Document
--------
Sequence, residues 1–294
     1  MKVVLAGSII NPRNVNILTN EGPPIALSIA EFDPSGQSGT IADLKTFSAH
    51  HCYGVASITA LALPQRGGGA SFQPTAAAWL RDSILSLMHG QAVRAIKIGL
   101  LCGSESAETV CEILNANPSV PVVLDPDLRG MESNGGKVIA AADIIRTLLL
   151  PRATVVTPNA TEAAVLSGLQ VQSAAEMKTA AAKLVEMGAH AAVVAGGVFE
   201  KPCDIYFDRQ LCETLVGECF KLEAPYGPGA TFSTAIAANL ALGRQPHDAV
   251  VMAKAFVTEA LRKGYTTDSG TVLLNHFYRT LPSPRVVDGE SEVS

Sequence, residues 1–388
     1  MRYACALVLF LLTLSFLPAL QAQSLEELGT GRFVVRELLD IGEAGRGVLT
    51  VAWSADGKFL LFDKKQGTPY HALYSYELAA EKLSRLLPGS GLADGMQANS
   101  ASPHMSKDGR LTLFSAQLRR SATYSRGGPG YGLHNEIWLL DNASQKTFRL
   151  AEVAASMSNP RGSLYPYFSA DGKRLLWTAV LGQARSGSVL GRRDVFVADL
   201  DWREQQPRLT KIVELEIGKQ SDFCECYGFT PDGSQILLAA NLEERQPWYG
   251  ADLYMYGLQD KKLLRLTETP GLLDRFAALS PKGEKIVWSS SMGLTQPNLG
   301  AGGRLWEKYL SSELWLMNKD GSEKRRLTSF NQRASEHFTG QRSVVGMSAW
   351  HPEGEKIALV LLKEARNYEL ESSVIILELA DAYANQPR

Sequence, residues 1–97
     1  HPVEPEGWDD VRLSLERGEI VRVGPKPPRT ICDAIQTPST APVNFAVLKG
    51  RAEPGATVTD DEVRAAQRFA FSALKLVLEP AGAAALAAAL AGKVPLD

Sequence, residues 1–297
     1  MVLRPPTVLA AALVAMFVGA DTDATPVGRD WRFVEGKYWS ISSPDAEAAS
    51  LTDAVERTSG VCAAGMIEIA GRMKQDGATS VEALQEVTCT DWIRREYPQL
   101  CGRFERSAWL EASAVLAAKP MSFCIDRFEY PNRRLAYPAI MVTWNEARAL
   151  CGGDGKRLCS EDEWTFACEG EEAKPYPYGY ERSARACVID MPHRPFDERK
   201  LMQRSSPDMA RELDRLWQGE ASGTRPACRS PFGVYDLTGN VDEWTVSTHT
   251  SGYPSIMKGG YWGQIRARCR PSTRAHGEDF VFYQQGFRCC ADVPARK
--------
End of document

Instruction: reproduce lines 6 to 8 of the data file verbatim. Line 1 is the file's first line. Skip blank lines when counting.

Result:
   201  KPCDIYFDRQ LCETLVGECF KLEAPYGPGA TFSTAIAANL ALGRQPHDAV
   251  VMAKAFVTEA LRKGYTTDSG TVLLNHFYRT LPSPRVVDGE SEVS

Sequence, residues 1–388